Saturday, March 11, 2006

Some Sheep Are Hermits By Nature

It's a beautiful day here in my neck 'o the woods. The thermometer is registering an unseasonable 55 degrees, the sun is shining, a light breeze is blowing and it is the perfect day for The Sheep to head out and complete the 98,234 errands she has assigned herself for the weekend.

Thus, logic dictated that she promptly put on her most comfortable sweats, ignore usual bathing and grooming rituals, crack a window for some fresh air and refuse to leave the house. What can I say? It was one of those "homebody" days. In my defense, it has been a long week. Monday through Friday encompassed third and fourth grade MEA testing (a challenging feat for any special ed. teacher) as well as the usual maintenance of the first and second graders schedules. In addition, I worked at my second job last night. My In-Home Parenting Education session ran longer than usual and it was 8:30 by the time I stumbled back into the homestead with groceries in hand. I'm tuckered out!

A day at home was a welcome treat. I can't say that it was the most productive I've ever spent, but I did get a start on the Jacob that I've been itching to get spun:

This is the darker portion that I separated out. There's still some white awaiting the carder!
This is the stuff that was destined for a woolen prep. Not gonna lie to ya: I'm not the queen of the long draw. At best we can call this a "semi-woolen," and it's probably not going to be the most consistently spun yarn I've even cranked out. But it's so ding-dong soft and squishy that I don't think I will care in the long run. I'm also managing a fairly finely spun single so I'm thinking of trying a three or four ply yarn. Since the arrival of the new Lazy Kate courtesy of Santa all things are possible. Of course given my skills, fewer things are likely, but we're just going to bask in the glow of hope and high expectations this early in the game.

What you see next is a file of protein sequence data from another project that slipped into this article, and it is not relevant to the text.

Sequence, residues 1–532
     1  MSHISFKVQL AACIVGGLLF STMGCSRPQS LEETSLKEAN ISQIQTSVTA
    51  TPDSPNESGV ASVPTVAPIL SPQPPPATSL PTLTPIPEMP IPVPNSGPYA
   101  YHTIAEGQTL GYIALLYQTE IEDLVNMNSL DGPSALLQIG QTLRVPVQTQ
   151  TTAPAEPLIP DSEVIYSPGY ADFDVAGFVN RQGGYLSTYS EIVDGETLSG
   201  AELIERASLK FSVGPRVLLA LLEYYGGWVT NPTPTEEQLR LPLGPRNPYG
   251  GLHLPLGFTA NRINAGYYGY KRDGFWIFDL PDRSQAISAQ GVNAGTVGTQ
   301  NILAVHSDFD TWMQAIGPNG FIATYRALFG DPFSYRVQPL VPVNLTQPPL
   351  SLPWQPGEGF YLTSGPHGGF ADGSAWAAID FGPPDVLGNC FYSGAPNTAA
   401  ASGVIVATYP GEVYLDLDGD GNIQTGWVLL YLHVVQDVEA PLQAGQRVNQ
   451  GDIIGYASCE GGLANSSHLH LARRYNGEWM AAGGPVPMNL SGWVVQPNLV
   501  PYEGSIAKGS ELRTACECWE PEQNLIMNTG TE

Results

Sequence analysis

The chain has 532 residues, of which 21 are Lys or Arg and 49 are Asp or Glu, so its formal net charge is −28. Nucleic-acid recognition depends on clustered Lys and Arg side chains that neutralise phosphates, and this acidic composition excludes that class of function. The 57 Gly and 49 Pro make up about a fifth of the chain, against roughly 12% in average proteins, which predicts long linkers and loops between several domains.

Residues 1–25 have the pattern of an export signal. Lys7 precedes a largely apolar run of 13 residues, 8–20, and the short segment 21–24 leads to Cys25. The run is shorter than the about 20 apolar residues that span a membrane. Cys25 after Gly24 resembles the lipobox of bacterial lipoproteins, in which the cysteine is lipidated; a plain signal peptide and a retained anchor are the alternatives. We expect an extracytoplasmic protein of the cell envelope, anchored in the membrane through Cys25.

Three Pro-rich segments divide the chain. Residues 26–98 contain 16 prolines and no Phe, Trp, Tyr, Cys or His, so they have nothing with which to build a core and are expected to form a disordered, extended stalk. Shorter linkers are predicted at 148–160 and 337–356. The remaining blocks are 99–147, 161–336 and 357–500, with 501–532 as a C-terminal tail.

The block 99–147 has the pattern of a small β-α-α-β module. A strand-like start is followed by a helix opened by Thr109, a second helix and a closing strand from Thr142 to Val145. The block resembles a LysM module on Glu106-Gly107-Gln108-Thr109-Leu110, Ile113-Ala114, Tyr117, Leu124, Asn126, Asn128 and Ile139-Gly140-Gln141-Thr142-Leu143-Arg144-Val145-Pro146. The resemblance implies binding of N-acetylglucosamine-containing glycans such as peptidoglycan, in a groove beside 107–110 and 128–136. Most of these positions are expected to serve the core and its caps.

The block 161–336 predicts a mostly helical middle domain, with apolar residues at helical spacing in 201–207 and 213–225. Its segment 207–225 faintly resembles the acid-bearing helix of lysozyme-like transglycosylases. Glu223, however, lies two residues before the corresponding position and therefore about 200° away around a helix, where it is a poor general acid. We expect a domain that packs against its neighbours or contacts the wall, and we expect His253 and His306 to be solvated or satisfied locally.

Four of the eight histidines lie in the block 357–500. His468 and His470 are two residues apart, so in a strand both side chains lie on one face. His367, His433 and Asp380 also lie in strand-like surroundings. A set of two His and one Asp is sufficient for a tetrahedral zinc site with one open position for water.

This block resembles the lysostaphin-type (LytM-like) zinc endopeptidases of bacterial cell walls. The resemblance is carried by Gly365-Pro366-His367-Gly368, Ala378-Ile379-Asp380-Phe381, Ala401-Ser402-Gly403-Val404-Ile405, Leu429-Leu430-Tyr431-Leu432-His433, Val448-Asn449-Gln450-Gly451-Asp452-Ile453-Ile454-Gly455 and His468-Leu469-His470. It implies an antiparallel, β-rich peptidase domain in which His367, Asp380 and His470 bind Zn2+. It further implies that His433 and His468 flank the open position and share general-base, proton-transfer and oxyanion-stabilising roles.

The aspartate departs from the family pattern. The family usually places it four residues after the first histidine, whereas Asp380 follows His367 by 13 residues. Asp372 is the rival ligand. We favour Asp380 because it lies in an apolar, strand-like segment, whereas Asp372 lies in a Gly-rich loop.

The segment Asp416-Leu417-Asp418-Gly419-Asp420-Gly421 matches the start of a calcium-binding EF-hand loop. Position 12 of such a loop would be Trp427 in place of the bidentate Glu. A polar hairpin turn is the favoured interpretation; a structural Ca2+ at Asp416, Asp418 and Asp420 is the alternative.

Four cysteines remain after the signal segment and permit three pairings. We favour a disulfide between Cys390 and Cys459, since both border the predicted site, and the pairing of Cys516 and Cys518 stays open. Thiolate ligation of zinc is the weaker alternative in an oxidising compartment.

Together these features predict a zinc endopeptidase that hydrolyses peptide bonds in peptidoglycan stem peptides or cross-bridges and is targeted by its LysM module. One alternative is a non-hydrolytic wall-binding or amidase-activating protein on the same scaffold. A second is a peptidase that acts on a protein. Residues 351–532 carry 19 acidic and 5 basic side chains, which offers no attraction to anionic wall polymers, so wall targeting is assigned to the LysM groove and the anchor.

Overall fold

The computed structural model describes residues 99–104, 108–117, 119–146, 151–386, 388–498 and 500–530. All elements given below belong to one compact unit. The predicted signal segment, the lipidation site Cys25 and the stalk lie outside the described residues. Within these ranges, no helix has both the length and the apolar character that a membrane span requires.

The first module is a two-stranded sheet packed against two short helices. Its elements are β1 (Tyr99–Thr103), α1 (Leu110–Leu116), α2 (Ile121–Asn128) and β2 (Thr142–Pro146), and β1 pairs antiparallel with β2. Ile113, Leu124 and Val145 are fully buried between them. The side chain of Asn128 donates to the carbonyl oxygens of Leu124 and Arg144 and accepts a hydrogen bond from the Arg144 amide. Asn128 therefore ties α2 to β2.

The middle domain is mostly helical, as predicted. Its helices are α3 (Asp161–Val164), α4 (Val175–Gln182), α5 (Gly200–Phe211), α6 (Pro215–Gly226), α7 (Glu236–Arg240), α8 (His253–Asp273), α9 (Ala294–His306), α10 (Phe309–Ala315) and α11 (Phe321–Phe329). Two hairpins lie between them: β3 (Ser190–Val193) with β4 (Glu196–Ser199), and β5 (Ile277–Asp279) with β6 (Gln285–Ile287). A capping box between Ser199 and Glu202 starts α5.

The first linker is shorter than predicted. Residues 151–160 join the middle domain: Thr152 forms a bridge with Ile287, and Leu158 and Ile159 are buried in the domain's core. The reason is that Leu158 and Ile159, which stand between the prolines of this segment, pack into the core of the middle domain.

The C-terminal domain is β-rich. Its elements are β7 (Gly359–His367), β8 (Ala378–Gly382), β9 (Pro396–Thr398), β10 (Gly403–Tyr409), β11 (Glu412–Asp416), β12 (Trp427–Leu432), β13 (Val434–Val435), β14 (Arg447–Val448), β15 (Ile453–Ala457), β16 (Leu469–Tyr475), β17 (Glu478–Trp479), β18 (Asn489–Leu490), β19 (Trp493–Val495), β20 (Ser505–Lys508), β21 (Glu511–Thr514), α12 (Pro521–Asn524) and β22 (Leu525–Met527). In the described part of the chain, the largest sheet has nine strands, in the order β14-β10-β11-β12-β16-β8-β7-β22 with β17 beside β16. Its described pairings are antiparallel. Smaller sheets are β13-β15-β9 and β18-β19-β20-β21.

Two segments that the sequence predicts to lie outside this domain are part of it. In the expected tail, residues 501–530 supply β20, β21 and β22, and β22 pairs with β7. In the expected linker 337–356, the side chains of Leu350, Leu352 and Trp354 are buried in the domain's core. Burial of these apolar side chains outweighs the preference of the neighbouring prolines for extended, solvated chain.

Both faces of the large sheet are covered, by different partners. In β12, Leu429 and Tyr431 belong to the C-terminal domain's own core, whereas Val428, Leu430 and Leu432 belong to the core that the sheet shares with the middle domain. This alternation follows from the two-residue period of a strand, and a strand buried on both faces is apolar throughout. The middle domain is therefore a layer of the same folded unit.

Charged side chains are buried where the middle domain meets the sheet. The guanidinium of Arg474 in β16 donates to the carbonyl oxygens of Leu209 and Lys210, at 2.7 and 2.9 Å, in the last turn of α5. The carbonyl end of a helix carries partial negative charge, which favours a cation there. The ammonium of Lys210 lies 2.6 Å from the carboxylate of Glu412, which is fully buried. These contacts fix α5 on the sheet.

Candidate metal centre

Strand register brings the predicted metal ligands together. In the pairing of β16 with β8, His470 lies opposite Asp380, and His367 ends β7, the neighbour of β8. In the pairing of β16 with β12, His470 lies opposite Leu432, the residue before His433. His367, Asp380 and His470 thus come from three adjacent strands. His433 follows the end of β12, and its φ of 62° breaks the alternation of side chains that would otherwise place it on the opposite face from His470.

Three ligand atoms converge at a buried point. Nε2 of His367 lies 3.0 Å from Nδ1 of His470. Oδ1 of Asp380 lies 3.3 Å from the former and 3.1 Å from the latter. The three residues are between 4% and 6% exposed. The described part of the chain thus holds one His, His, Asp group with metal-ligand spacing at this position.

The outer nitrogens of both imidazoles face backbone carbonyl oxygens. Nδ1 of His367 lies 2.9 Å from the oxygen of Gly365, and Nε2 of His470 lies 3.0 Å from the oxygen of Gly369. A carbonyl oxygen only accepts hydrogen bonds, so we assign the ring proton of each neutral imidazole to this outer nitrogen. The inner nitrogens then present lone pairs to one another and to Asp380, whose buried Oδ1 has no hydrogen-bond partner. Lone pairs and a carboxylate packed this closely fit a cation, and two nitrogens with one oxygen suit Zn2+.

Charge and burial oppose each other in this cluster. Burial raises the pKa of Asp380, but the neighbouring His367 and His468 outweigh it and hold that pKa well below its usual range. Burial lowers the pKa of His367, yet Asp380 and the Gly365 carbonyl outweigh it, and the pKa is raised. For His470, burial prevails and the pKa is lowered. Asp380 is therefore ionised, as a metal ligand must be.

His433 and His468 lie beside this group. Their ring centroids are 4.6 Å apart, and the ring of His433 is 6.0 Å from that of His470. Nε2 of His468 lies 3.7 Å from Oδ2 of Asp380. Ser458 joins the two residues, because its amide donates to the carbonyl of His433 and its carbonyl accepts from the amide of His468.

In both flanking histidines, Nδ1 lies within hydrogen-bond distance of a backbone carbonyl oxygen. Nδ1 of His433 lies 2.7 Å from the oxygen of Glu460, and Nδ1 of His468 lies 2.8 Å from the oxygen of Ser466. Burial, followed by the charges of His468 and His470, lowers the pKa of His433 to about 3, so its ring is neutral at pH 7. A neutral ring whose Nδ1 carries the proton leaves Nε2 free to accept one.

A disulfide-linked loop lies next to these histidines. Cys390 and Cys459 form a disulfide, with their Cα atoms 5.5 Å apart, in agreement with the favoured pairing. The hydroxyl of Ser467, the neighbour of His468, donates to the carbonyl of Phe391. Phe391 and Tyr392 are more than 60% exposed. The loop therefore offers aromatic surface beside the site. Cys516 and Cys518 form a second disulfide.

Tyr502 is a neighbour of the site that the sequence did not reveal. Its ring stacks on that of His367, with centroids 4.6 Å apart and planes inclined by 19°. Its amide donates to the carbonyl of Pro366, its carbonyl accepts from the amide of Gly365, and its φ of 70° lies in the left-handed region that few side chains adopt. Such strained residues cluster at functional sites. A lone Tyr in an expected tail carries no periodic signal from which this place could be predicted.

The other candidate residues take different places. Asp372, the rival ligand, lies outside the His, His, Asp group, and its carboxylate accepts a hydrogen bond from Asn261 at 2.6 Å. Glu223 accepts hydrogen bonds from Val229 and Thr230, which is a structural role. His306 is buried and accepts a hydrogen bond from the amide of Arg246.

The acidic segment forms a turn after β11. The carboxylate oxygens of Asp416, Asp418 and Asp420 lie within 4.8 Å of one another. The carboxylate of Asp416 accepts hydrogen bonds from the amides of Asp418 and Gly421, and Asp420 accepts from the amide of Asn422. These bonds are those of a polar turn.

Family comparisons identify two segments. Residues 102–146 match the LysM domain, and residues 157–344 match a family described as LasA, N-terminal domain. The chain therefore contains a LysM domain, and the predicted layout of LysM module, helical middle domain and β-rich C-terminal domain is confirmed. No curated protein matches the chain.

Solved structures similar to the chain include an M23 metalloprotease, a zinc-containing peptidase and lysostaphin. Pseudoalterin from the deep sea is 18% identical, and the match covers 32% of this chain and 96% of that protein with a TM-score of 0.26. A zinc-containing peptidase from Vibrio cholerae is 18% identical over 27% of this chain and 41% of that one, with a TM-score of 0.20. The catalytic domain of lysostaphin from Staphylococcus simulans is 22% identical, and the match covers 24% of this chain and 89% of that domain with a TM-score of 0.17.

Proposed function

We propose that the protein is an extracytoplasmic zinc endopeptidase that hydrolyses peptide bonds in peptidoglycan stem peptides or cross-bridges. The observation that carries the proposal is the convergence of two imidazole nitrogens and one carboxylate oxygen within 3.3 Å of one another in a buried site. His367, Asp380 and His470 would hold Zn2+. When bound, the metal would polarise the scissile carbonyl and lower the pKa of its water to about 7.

And, in better news: a certain, special something arrived in the classroom yesterday! A student arrived really early, escorted by his loving father. My staff and I were prepared to be indignant at this invasion of teacher prep time until we realized the purpose of their untimely decent upon the classroom. They were there to deliver the his sister's Girl Scout Cookies!!!!!!!!!!!!!!!!! Those of you outside the elementary ed. profession perhaps are unaware of how easy it is to find a pusher when you get a jones on for the GS high. In fact, you sometimes have to strategize and figure out how many boxes you can buy per cute little scout in order to not go into bankruptcy and have nine million of the things lying around the house. It's a perk of the job. At any rate, The Sheep used extreme restraint and only purchased three boxes. The lengthy wait for their arrival was almost more that I could bear and my staff and I spent many a day longingly discussing how wonderful "Cookie Day" would be. It was all we'd hoped for and more!
My strategy is as follows: I am starting with the Caramel Delights. I sort of ordered those by accident, meaning to get Peanut Butter Patties. Oh, well. They are a delight, as promised and I'm happy with them. Following that, I shall begin work on the Thanks Alot fudge dipped cookies. Lastly, the Thin Mints (my personal favorite) will be released from their confinement in the freezer and consumed in 1-2 sittings.
Having a plan is important. It's all part of the ritual.
Otherwise, it's just a Sheep in sweats refusing to leave the house.

1 comment:

mrichme said...

Box number 1 of the GS cookies are already gone. Working at the middle school level you never really get into the GS cookie excitement as you do when you work at the elementary level. Enjoy your boxes of GS cookies. Should we start a poll on how long before you get to the thin mints?